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Challenges of getting feedback 1

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Jovana Stevanovic
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We often hear and read that content is the king. You must write high quality content if you wish to attract prospective visitors to your website and provide value to them through that content. Whilst this is true, simply creating great content isn’t going to attract new customers or increase loyalty of the existing ones. Considering a vast amount of information online that is shared through the social networks every day, it is very difficult to differentiate your content from everyone else’s. Your content needs to be focused on a specific group of people which is why it is of utmost importance to define your target audience correctly. Also, there are a few other things to consider and we will discuss them in this article.

What about feedback?

One of the biggest challenges associated with content is ensuring you receive appropriate feedback for it. How do you know the content you are creating is meaningful and valuable if no one tells you what they think about it? You don’t. Engagement with your target audience over content you are creating is crucial because you have an opportunity to learn what people are interested in.

Considering most business people nowadays are under time constraints, how can you guarantee they take the time out of their busy days to read the content published on your website or a blog and provide meaningful feedback? It is a question many companies are trying to find an answer to. And GCOMM is no exception. In the article published last week, the background and original goals of The GCOMM Post were discussed. However, over time, gaining more feedback from the target audience became the no. 1 goal of this online magazine. And this has been rather challenging.

Another reason for the lack of feedback might be the transparency of the Internet. There are many people that don’t feel comfortable expressing their opinions online because this will be available to large audiences and permanently on the Internet or until someone takes it down, if they ever do. Others might be unsure if and how their views will affect the organisations they work for because not everything is clearly right or wrong. Therefore, in order not to jeopardise their future, instead of putting their opinion out there they prefer saying nothing, at least publicly.

Paying for feedback – is that the answer?

One idea to help generate feedback is to develop a program where incentives will be offered to a company’s target audience in exchange for feedback in the form of comments on the written content (or in any other feedback form the company is interested in). As already mentioned, people’s busy schedules don’t leave them much spare time, which is why these incentives would have to be something that the target audience would really be excited about, something unique and valuable. Companies need to show that they are respectful of people’s time and effort, and that should be an angle when it comes to explaining the idea of offering something in exchange for feedback. However, no one wants to be perceived as buying feedback and that is where the real challenge lies.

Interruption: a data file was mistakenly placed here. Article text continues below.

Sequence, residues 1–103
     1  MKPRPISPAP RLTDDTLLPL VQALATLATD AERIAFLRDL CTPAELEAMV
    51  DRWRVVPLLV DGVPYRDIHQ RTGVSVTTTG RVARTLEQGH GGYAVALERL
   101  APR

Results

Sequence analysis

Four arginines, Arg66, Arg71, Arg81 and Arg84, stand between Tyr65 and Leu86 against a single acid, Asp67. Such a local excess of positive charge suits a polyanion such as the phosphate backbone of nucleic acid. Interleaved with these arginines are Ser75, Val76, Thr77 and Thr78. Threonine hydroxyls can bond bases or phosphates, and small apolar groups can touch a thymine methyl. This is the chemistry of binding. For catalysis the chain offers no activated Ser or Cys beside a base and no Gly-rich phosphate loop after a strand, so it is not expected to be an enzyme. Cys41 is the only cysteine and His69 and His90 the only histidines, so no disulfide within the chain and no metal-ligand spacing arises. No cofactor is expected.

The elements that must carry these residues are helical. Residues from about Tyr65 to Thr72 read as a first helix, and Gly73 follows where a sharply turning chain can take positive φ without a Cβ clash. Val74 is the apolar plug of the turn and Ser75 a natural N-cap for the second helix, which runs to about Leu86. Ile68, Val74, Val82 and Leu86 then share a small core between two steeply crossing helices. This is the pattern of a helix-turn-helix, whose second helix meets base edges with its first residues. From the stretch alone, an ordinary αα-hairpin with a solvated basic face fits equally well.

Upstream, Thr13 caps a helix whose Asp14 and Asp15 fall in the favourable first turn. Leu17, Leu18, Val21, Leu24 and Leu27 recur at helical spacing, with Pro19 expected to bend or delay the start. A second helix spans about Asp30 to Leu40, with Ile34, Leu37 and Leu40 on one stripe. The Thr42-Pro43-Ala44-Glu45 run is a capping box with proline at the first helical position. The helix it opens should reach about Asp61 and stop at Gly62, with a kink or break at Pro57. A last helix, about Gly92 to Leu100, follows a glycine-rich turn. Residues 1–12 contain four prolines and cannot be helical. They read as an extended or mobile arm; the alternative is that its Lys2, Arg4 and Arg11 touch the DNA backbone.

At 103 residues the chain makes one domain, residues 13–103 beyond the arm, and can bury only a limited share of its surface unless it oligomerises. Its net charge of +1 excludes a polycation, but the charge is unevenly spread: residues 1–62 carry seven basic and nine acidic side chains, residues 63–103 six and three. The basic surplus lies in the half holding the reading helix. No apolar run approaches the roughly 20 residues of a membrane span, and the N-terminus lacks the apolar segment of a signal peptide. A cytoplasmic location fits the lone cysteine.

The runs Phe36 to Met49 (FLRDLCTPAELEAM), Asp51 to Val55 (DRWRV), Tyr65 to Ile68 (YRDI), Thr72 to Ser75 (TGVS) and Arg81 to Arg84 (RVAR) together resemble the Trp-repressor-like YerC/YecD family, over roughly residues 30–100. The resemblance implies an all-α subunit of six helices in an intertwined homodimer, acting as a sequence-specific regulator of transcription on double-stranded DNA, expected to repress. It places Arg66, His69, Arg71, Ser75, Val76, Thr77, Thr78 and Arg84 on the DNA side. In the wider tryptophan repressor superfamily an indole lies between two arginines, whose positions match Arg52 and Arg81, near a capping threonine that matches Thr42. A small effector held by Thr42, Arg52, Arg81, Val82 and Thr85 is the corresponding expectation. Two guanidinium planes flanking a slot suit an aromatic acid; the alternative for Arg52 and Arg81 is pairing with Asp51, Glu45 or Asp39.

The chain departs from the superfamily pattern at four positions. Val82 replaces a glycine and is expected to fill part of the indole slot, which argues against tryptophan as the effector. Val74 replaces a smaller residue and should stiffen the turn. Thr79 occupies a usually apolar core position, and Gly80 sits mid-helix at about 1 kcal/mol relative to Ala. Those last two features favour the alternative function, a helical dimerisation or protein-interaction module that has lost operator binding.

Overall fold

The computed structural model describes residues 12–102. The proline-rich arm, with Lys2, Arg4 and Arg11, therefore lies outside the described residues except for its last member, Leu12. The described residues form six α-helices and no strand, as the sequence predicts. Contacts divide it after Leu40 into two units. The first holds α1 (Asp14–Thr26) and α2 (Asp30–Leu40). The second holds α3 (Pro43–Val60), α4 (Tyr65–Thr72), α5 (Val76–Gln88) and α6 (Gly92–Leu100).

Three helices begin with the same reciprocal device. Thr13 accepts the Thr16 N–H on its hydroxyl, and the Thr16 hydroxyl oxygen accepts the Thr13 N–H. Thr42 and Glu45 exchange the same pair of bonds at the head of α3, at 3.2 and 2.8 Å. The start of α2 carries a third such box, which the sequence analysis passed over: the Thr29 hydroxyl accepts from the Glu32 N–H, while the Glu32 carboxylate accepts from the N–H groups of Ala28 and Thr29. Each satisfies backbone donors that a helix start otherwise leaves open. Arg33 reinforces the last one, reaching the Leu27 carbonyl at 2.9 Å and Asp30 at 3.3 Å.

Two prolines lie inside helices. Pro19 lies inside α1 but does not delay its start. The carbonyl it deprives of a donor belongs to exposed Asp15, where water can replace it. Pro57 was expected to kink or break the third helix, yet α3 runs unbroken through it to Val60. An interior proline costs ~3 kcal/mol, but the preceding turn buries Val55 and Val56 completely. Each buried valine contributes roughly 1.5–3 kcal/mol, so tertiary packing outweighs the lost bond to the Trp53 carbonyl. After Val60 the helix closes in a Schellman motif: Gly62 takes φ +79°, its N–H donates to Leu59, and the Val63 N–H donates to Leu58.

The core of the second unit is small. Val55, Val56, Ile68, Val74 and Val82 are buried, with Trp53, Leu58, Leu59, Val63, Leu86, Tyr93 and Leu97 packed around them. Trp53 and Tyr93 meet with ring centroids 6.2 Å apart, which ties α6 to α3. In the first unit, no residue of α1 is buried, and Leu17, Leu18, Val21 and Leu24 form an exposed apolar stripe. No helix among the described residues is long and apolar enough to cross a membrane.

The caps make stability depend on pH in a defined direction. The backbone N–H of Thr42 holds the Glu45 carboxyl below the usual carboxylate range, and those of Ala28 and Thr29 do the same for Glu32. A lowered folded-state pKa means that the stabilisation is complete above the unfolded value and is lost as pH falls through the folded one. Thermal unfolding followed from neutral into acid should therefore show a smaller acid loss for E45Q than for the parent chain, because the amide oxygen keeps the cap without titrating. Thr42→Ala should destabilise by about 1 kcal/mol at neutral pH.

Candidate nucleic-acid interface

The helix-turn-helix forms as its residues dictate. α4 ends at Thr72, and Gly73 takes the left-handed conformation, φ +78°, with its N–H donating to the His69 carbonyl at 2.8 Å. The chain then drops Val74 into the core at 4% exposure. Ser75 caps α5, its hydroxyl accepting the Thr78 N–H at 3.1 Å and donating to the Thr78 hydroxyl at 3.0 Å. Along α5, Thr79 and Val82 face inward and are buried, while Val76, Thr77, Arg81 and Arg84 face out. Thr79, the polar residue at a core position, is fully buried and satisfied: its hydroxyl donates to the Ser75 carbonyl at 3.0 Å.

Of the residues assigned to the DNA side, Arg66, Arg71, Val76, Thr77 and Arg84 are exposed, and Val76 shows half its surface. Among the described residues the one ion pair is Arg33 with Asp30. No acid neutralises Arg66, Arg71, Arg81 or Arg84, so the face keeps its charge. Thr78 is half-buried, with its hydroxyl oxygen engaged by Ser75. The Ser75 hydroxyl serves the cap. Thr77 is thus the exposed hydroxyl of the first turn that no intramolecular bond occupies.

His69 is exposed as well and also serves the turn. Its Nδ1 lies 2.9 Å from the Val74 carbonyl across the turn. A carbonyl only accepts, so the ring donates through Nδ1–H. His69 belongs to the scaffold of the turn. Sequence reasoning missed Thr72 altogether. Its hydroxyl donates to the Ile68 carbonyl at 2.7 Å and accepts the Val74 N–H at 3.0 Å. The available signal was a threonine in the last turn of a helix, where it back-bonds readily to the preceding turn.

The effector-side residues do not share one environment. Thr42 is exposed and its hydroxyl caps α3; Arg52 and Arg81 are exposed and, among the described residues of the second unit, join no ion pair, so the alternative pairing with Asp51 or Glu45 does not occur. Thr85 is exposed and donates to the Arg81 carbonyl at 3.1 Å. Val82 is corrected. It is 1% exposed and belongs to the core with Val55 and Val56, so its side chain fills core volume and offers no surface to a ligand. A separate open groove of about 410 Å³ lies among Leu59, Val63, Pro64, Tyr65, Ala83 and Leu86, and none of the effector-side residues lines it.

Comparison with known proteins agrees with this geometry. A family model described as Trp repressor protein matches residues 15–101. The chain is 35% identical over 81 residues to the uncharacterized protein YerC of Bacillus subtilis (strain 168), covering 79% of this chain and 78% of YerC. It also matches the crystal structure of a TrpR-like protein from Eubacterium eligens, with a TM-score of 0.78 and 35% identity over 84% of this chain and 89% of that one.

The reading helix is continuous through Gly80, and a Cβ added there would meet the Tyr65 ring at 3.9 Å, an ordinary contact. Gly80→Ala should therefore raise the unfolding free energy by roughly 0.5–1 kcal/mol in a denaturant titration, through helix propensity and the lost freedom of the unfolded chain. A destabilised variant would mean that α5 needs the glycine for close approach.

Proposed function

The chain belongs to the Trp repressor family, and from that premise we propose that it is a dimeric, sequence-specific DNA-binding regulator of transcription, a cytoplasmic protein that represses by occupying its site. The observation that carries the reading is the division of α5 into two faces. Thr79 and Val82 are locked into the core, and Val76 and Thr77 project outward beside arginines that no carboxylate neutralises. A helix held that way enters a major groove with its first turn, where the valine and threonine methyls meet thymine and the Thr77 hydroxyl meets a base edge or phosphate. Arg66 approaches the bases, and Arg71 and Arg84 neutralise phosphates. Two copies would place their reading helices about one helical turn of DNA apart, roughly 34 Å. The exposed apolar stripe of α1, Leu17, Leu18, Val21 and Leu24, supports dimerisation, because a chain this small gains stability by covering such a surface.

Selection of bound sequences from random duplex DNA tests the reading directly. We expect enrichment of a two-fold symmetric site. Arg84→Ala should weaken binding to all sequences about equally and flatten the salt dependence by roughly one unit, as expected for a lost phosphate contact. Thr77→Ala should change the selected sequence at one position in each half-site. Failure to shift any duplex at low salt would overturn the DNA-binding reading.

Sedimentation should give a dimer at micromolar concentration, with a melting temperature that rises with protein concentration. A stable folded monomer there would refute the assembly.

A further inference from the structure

The importance of feedback

Why is feedback so important anyway? Well, creating high quality content takes a considerable amount of time and requires other resources as well. No company wants to waste time and money without knowing if the efforts are helping meet the goals, especially providing value to the target audience. Getting opinion from your audience about topics discussed on blogs and websites is extremely useful because this would be a great way to get ideas for future posts. Ultimately, the goal of any platform is to publish articles that people would be interested in reading and engaged with.

Other challenges

So even if a company decides to start an incentive program such as the one discussed above, how do they ensure that this program doesn’t get abused? And how does it ensure the success of this program? Have you ever experienced similar issues? Any recommendations?

 

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About Jovana Stevanovic

Jovana Stevanovic
Having studied, worked and lived abroad for a number of years, Jovana has developed a diverse set of skills and a unique perspective into the business world, which she applies in her current role as Marketing Automation Consultant. Her passion for online marketing and a keen interest in global marketing trends are what drives her to produce effective online campaigns for international clients in the IT sector. Jovana graduated from St. Cloud State University with a Bachelor of Science degree in Marketing and a minor in Public Relations. Jovana enjoys learning languages and is fluent in Serbian, English and Italian. Her other interests include social media, travelling and cooking.
  • It’s a great, real challenge Jovana. One feels that niche marketing must form part of the answer because otherwise it just becomes noise to those disinterested. And I guess those who find the topic interesting enough to spark their interest will do so which means the answer partially lies in creating content that’s of interest and engages a reply. Not easy but knowing the target audience, attracting them and engaging them is a must.